A Moment in Time: How the 1900s Was a Turning Point for the African American Civil Rights Movement | Teen Ink

A Moment in Time: How the 1900s Was a Turning Point for the African American Civil Rights Movement

June 28, 2021
By Huda SILVER, Jamaica, New York
Huda SILVER, Jamaica, New York
7 articles 0 photos 0 comments

Favorite Quote:
"Around here, however, we don't look backwards for very long. We keep moving forward, opening up new doors and doing new things, because we're curious … and curiosity keeps leading us down new paths." (Walt Disney)

Following the Civil War, African Americans won freedom from slavery with the aid of the 14th Amendment, which considered all Americans to be American citizens, by law. Despite this, American society still lacked equality, especially between African Americans and whites. The ideology of white supremacy had been very strongly integrated within the roots of Southern American culture, as exemplified by Jim Crow Laws which prevented African Americans from being treated as American citizens. Moreover, the lynching of Emmett Till only strengthens the notion of white supremacy, as hate crimes against African Americans began to rise in numbers, rendering African Americans helpless against racism. The struggle of African Americans continued to mold according to America’s social, political, and social spectrum. Specifically, during the 1900s, the concept of African Americans not receiving “separate but equal” treatment encouraged both radical and non-radical views regarding an integrated black society, which ultimately contributed to the African American Civil Rights movement by spreading awareness of social injustice throughout America.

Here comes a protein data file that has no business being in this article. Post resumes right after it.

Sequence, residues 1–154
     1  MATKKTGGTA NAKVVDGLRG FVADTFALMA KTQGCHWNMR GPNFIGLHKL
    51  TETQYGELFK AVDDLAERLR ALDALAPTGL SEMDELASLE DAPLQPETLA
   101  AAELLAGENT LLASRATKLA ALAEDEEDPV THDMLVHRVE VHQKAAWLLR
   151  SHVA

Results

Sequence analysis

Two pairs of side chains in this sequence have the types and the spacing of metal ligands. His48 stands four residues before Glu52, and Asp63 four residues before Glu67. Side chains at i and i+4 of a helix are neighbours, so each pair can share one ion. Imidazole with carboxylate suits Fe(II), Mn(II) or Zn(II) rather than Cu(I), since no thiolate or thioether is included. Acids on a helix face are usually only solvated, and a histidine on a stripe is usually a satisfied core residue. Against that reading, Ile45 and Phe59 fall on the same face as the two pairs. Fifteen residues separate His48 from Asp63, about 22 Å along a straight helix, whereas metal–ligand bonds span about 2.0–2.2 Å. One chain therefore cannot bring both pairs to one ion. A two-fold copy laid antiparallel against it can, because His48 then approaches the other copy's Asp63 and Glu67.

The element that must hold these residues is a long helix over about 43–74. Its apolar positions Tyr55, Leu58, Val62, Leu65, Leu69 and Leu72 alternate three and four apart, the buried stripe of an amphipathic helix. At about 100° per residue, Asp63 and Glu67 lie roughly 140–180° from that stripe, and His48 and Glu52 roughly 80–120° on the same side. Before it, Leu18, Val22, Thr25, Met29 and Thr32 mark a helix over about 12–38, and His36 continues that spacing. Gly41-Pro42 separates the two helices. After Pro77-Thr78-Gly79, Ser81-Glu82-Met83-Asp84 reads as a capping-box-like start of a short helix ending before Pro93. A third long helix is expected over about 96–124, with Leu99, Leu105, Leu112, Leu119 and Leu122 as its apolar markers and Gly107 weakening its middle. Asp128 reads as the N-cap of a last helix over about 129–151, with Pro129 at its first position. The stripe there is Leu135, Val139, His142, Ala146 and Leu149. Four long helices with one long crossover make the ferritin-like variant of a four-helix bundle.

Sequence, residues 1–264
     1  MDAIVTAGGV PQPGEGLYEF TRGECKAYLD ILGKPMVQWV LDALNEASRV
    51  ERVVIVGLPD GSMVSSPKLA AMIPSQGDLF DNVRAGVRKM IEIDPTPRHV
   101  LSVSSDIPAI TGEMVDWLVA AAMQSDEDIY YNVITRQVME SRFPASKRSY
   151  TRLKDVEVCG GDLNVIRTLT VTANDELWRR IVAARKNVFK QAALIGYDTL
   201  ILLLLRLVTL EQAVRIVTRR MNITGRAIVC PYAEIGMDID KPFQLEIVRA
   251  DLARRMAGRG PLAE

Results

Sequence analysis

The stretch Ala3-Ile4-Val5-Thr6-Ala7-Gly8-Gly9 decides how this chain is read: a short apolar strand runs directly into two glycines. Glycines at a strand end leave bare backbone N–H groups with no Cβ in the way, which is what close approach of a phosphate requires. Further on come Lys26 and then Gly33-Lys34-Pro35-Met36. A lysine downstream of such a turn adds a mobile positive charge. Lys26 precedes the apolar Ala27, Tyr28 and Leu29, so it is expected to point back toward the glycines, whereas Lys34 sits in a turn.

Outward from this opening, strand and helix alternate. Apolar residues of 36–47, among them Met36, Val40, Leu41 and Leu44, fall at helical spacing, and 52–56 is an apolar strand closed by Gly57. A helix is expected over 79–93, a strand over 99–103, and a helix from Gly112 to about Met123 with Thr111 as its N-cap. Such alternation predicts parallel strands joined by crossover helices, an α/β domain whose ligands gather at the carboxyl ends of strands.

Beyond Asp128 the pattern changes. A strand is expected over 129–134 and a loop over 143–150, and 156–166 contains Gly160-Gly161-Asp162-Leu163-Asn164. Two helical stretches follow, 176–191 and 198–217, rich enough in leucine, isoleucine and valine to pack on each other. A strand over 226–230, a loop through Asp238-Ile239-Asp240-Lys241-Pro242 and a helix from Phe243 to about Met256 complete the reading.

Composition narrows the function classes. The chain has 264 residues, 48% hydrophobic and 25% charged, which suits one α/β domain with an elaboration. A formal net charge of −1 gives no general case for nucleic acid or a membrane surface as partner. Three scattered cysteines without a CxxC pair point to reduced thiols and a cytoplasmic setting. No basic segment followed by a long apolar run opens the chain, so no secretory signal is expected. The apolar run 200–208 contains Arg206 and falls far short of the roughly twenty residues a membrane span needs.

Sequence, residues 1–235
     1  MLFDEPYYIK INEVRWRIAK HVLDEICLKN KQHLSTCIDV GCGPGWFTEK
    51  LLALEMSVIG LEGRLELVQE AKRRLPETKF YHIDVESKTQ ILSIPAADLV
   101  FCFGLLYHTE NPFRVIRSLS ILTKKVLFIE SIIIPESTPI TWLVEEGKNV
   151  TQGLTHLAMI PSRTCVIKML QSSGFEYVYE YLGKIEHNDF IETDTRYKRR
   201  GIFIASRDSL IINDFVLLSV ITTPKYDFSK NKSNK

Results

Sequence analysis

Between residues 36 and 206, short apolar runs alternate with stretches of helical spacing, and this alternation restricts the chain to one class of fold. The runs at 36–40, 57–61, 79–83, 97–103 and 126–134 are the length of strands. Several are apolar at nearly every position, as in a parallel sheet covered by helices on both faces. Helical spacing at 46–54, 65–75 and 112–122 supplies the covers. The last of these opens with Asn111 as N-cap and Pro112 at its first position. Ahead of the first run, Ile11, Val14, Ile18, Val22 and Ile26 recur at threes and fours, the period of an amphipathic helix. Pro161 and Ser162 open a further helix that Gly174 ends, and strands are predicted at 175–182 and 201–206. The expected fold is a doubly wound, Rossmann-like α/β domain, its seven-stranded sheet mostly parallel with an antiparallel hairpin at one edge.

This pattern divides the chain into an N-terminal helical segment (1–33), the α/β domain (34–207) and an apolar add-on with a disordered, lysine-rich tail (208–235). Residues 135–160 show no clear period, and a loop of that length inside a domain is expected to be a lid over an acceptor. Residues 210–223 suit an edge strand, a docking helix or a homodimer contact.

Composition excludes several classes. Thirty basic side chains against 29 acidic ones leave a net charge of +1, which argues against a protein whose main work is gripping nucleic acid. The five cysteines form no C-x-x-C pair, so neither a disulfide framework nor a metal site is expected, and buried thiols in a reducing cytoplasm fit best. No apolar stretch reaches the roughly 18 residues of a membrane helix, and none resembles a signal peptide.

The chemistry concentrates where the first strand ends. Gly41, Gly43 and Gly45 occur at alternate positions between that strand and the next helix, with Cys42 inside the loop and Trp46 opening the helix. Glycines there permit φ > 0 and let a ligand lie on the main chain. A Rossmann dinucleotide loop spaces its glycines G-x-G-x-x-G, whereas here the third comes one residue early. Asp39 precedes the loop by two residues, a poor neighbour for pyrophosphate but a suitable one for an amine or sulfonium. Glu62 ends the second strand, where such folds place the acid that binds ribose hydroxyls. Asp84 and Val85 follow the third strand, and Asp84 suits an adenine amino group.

Segregation became a major issue following the abolishment of slavery. However, before delving deeper into the issue of segregation, it is important to understand the relationship between the Southern States of America and slavery. Slavery dominated the South’s economy because the South was reliant on an agricultural economy, compared to the North which was comparatively more industrialized and advanced. Slaves were needed to work on farms and the Slave Trade became popular and important. The abolishment of slavery caused a decline in the South’s economy due to a lack of workers and the end of the Slave Trade. Moreover, white supremacy, the idea of whites being superior to African Americans, became common in the South because African Americans were disregarded and condemned to being a white man’s slave, their lack of education labeling them as intellectually inferior to whites. Following the abolishment of slavery, white supremacy thrived because the ideology was a common norm, belief children grew up listening about. Utilizing fear and white supremacy as a tool, the Southern states established certain laws and rules which prevented African Americans from fitting into society. The most popular amongst these laws were the Jim Crow laws, a set of laws enforced by the state government to encourage segregation, and can be described as an act of de jure segregation, as segregation was approved by authorities. Segregation kept African Americans from being accepted into society. The Grandfather Clause, for example, prevented African Americans from voting in some Southern states by allowing people to vote without having to take literacy tests only if their family was allowed to vote before 1867. While segregation was prominent, African Americans began to speak out against segregation. The case of Plessy v. Ferguson is perhaps one of the most important cases in this aspect. When Homer Plessy refused to sit in an all-black car despite being partially black, the case went to Supreme Court, in an effort to recognize segregation as unlawful. However, the decision led to the “separate but equal” doctrine, which declared segregation as lawful and fair as long as the segregated accommodations were equal. By going to the Supreme Court, this case brought to light the trials African Americans struggled through, unable to live peacefully because they were not treated like proper humans by state governments. The doctrine was officially challenged in 1954, web the case of Brown v. Board of Education went to Supreme Court arguing that the doctrine was unlawful because the accommodations were not equal for African Americans and whites since African Americans struggled through poverty and were condemned to harsh living conditions. Brown v. Board of Education is also an example of the federal government versus state government since the government’s support of segregation violates the 14th Amendment, which recognizes the protection of all American citizens’ liberty and freedom. Furthermore, these landmark cases reveal how segregation and the “separate but equal “ doctrine became a major issue for the government because of its huge impact on society, allowing for support for the African American Civil Rights movement to grow with an increase in awareness.